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American Civil Construction, LLC v. Fort Myer Construction Corp.

United States District Court, District of Columbia

February 20, 2018

AMERICAN CONSTRUCTION, LLC, Plaintiff,
v.
FORT MYER CONSTRUCTION CORPORATION, Defendant.

          MEMORANDUM OPINION RE DOCUMENT NO. 38

          RUDOLPH CONTRERAS UNITED STATES DISTRICT JUDGE

         Denying Defendant's Motion for Partial Summary Judgment

         I. INTRODUCTION

         Plaintiff American Civil Construction, LLC (“ACC”) has sued Defendant Fort Myer Construction Corporation (“Fort Myer”) for breaching a subcontract relating to the construction of the District of Columbia's streetcar line in Anacostia. The subcontract at issue had stated that Fort Myer could only terminate the subcontract with ACC for convenience if the District had similarly terminated the prime contract for convenience. Fort Myer claims that the District terminated the prime contract for convenience, and that therefore, the company was within its rights to terminate its subcontract with ACC. As such, it moved for partial summary judgment on ACC's breach of contract claim. ACC opposed the motion, countering that the District had never terminated its contract with Fort Myer for convenience. For the reasons set forth below, the Court finds that Fort Myer has not met its burden of demonstrating that its contract with the District was terminated for convenience, and therefore denies its motion for partial summary judgment.

         II. FACTUAL AND PROCEDURAL BACKGROUND

         In late 2008, the District of Columbia Department of Transportation (“DDOT”) contracted with Fort Myer to construct a segment of a new streetcar line in Anacostia. Statement of Undisputed Facts Supp. Def.'s Mot. Partial Summ. J. (“Def.'s SUF”) ¶ 1, ECF No. 38-2. While a copy of this contract has not been produced to the Court, Fort Myer claims that it “incorporated the Standard Contract Provisions For Use with Specifications for District of Columbia Government Construction Projects, a published set of provisions common to all DDOT construction contracts.” Id. ¶ 2. These Standard Specifications govern how the scope of a project may be changed, how all or part of a project may be suspended or delayed, and how all or part of a project may be terminated at the convenience of the District. Id.

         ACC subcontracted with Fort Myer to perform a portion of the work Fort Myer was contracted to do, and began work, along with Fort Myer, in 2009. Id. ¶ 3. The subcontract specified that Fort Myer could only terminate ACC for convenience if DDOT had similarly terminated Fort Myer for convenience. See Ex. A, Pl.'s Mem. Opp'n Def.'s Mot. Partial Summ. J. (“Pl.'s Opp'n”), ECF No. 39-2 at 54. By September 2010, both Fort Myer and ACC had completed and had been paid for a portion of the work, but still had additional work in their contracts to complete. Def.'s SUF ¶ 4. Then, on October 12, 2010, Fort Myer received an “Article 3 Letter” from DDOT explaining that “[t]he remaining scope of the work of this Contract is limited to the work identified in this Article 3 Letter, and the Contractor shall not perform any other work, unless it receives written authorization from the Contracting Officer.” Ex. 5 at 1, Def.'s Mot. Partial Summ. J (“Def.'s Mot.”), ECF No. 38-3. “Two attachments to the Article 3 Letter identified work that remained to be performed under a new scope of work: ‘Attachment A' identified remaining work that was part of the original Contract” and “‘Attachment B' identified remaining work that had been added to the Contract by change orders after work had begun . . . . Together, these Attachments describe[d] all of the unterminated work that was to be completed under the Contract.” Def.'s SUF ¶ 5. The Letter explained that “[a] change order [would] be processed for an equitable adjustment to the Contract Price for the prospective work” that was not included in the Attachments. Ex. 5 at 1, Def.'s Mot. The letter further stated that “DDOT reserve[d] the right to amend the scope of work to include additional work, or to modify previously authorized work.” Id. at 2. There was no indication in the letter of why DDOT was deleting items from the contract.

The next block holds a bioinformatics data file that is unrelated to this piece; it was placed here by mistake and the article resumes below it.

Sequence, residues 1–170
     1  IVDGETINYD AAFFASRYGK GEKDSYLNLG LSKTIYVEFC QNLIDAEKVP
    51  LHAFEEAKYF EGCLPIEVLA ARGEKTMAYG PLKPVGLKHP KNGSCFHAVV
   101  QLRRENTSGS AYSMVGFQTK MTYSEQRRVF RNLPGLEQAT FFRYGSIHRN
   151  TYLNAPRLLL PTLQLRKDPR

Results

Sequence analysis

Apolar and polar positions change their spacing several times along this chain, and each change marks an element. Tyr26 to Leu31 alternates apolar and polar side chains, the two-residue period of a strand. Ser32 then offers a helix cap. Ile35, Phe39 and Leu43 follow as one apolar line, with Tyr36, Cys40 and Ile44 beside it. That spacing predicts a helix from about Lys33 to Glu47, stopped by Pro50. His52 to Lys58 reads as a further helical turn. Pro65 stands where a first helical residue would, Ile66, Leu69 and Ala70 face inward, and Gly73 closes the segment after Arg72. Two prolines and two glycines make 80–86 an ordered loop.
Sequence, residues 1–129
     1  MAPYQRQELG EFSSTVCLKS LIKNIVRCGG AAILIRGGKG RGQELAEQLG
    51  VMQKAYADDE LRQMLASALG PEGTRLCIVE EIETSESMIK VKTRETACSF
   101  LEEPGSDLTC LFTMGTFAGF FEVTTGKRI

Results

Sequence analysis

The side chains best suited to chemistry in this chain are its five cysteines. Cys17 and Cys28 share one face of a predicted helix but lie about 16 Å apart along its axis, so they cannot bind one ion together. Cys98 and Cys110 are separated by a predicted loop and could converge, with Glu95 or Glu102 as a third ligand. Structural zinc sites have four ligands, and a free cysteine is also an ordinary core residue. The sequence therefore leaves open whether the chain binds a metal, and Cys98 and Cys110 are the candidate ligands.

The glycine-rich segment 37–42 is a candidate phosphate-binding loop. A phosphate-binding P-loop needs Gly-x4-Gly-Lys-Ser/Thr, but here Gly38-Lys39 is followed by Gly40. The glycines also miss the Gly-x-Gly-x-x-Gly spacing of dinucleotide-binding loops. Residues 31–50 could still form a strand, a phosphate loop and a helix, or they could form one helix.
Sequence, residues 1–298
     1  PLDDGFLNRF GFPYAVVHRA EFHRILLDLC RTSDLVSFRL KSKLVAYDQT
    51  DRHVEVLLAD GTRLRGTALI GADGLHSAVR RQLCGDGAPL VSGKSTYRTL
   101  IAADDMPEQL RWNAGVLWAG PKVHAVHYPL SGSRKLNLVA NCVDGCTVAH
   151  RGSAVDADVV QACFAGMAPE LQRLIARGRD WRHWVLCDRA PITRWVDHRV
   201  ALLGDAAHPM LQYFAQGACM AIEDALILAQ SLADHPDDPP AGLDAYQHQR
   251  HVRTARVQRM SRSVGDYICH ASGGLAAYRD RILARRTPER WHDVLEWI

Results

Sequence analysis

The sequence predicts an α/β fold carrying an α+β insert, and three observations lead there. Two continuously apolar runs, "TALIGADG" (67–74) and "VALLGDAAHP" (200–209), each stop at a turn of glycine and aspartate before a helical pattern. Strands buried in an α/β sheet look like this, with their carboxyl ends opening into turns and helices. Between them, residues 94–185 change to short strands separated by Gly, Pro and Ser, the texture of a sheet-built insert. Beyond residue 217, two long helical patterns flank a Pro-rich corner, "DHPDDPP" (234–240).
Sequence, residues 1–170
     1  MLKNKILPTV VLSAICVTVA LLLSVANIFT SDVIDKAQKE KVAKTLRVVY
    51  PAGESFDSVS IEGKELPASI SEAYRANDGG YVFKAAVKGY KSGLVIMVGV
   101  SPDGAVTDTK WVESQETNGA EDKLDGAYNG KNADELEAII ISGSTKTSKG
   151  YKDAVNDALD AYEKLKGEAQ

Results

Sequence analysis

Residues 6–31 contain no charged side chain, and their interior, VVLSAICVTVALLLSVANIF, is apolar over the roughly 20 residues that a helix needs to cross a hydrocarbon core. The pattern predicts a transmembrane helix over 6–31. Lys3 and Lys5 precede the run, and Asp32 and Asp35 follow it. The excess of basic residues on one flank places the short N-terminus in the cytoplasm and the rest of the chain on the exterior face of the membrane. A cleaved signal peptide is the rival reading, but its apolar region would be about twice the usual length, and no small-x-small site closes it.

After receiving the Article 3 Letter, on or about October 22, 2010, Fort Myer sent a letter confirming their “verbal notification to [AAC] of DDOT's desire to ‘shut-down'” the project. Ex. 6 at 1, Def.'s Mot., ECF No. 38-3. It explained that there was a “possibility that the Owner [would] reaffirm its intent to delete the work indicated, and thus to wrap up this Contract in the near term.” Id. The letter also asked ACC to submit a proposal for compensation for its costs resulting from “the early termination of work.” Id. Subsequently, Fort Myer and ACC completed the work that remained in the Attachments in Spring 2011. Def.'s SUF ¶ 8.